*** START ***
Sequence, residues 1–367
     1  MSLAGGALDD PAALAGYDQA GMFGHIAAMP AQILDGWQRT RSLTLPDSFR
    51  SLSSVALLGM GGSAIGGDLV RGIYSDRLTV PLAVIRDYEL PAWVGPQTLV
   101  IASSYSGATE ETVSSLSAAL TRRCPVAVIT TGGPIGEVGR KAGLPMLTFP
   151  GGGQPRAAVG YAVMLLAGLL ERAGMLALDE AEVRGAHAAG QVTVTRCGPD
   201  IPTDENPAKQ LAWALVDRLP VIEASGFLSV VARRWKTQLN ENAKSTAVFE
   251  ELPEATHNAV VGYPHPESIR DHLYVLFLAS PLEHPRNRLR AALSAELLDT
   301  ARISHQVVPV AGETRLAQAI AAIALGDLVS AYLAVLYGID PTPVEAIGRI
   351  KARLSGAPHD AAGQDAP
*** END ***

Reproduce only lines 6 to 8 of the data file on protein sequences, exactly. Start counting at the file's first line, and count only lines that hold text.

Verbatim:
   201  IPTDENPAKQ LAWALVDRLP VIEASGFLSV VARRWKTQLN ENAKSTAVFE
   251  ELPEATHNAV VGYPHPESIR DHLYVLFLAS PLEHPRNRLR AALSAELLDT
   301  ARISHQVVPV AGETRLAQAI AAIALGDLVS AYLAVLYGID PTPVEAIGRI